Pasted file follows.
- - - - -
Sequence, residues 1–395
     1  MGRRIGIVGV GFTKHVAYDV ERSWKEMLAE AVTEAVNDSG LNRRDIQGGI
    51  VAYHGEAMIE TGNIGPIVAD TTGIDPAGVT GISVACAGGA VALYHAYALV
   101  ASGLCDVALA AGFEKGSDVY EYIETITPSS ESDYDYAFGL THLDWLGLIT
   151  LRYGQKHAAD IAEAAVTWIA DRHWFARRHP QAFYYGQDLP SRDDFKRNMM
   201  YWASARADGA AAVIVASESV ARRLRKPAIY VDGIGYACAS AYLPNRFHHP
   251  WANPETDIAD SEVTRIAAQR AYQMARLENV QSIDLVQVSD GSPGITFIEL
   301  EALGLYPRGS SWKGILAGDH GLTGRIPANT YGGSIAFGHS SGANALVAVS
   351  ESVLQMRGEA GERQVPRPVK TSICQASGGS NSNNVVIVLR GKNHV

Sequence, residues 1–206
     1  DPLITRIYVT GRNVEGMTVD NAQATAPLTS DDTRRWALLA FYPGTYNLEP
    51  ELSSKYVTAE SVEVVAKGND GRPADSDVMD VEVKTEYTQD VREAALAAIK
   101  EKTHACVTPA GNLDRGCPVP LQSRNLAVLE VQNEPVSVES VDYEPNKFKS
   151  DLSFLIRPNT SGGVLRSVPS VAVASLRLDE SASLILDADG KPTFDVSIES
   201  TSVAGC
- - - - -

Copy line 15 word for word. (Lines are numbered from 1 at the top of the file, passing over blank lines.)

   201  TSVAGC